Prevalence and Clinical Correlates of Self-Harm Behaviors in Gilles de la Tourette Syndrome

We examined 165 consecutive GTS patients aged 5–50 years old (75.8% males). The patients were evaluated for GTS and co-morbid mental disorders according to the DSM-IV-TR. SHB was diagnosed during the interview. To determine a direct relationship between SHB and clinical variables, we conducted two analyses, at the time of evaluation and lifetime. We also compared the group of children and adults with SHB and tried to distinguish between deliberate (non-tic related SHB) and accidental (tic related SHB). Lifetime SHB was reported by 65 patients (39.4%). In 30 of the patients (46.2%), SHB was evaluated as mild, in 26 (40%) as moderate and in only nine (13.9%) cases as severe. In the multivariable analysis for the predictor of lifetime SHB, attention deficit hyperactivity disorder (ADHD; p = 0.016) and obsessive-compulsive disorder (OCD; p = 0.042) were determined as risk factors, while for current SHB only tic severity (p
Source: Frontiers in Psychiatry - Category: Psychiatry Source Type: research

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Tourette syndrome (TS) and Chronic motor/vocal Tic Disorder (CTD) are neurodevelopmental conditions defined by the occurrence of multiple tics. Besides the well-known association with attention deficit/hyperactivity disorder (ADHD) and obsessive-compulsive...
Source: SafetyLit - Category: International Medicine & Public Health Tags: Ergonomics, Human Factors, Anthropometrics, Physiology Source Type: news
Tic disorders (TD) are a group neuropsychiatric disorders with childhood onset characterized by tics, i.e. repetitive, sudden, and involuntary movements or vocalizations; and Tourette syndrome (TS) is the most severe form of TD. Their clinical manifestations are diverse; and are often associated with various psychopathological and/or behavioral comorbidities, including attention deficit hyperactivity disorder (ADHD), obsessive-compulsive disorder (OCD), anxiety, depression, and sleep disorders. Individual severity and response to treatment are highly variable, and there are some refractory cases, which are less responsive ...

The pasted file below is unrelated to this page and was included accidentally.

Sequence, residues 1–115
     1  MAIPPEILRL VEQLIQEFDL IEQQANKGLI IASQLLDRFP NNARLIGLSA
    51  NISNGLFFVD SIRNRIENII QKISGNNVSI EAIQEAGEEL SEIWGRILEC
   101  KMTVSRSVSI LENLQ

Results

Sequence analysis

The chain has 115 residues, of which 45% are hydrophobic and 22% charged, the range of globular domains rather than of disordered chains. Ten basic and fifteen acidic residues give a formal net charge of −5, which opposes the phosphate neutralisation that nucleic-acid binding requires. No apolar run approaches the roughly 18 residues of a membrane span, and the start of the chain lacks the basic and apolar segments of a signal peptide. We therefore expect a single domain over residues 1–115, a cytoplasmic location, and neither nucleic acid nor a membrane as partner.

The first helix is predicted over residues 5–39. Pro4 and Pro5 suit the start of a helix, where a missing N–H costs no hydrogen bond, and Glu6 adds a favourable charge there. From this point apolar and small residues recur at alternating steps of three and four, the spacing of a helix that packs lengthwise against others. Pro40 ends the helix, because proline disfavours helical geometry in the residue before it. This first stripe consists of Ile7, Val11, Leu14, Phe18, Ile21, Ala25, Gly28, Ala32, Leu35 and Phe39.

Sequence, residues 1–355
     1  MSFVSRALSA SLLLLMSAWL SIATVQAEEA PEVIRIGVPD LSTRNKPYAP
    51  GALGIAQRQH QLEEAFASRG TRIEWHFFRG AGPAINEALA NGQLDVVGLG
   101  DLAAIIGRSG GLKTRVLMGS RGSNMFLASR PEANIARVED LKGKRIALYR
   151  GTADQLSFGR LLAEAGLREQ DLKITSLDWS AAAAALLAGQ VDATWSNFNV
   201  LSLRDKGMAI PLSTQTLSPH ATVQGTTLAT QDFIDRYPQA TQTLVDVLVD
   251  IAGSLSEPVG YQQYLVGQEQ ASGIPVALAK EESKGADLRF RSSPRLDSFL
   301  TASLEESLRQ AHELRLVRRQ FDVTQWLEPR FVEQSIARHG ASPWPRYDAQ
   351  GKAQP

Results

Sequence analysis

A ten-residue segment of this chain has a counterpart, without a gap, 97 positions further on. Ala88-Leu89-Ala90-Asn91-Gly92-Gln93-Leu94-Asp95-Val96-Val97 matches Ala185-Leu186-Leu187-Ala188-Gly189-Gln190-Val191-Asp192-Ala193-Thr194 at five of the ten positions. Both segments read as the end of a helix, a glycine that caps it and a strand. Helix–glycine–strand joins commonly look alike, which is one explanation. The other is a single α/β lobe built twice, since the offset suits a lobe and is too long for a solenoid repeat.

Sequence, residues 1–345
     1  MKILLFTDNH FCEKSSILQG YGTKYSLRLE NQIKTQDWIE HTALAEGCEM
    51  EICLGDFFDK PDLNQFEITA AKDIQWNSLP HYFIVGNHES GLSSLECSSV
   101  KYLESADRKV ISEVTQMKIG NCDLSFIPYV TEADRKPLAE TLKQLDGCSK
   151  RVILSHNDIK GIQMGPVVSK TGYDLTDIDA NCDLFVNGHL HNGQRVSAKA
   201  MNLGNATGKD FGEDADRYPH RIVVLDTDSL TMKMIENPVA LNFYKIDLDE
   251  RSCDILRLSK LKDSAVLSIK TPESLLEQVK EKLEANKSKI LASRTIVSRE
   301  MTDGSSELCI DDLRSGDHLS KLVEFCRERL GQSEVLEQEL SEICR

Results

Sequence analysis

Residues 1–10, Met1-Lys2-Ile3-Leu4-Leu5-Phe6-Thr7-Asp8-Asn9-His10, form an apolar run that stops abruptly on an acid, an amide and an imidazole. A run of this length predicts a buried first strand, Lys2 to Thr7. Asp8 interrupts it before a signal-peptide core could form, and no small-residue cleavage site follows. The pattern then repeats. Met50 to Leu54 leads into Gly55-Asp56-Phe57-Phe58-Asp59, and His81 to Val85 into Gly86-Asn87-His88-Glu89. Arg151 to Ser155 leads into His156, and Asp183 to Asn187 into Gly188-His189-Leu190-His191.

Source: Frontiers in Psychiatry - Category: Psychiatry Source Type: research
Tourette syndrome (TS), also known as Tourette ’s disorder, is a neurodevelopmental disorder with onset in early childhood characterized by multiple motor tics and at least one vocal tic that have been present for longer than 1 year. TS is a model neuropsychiatric disorder, in that the vast majority of affected individuals, whether ascertained in clinical or community settings, experience at least one co-occurring psychiatric disorder, such as attention-deficit/hyperactivity disorder, obsessive-compulsive disorder, and/or mood, anxiety, and specific learning disorders (1).
Source: Biological Psychiatry - Category: Psychiatry Authors: Tags: Commentary Source Type: research
IntroductionAlthough defined by the presence of tics, most patients with Gilles de la Tourette syndrome (TS) also suffer from different psychiatric disorders. While much is known about clinical characteristics of comorbidities such as attention deficit/hyperactivity disorder (ADHD), obsessive compulsive disorder (OCD), depression, and anxiety disorders, only very little is known about rage attacks. Most of this data is based on small studies in children. Until today no larger studies have been performed in adults with TS—most likely because of the lack of validated instruments. The aim of this study was to develop a ...
Source: Frontiers in Psychiatry - Category: Psychiatry Source Type: research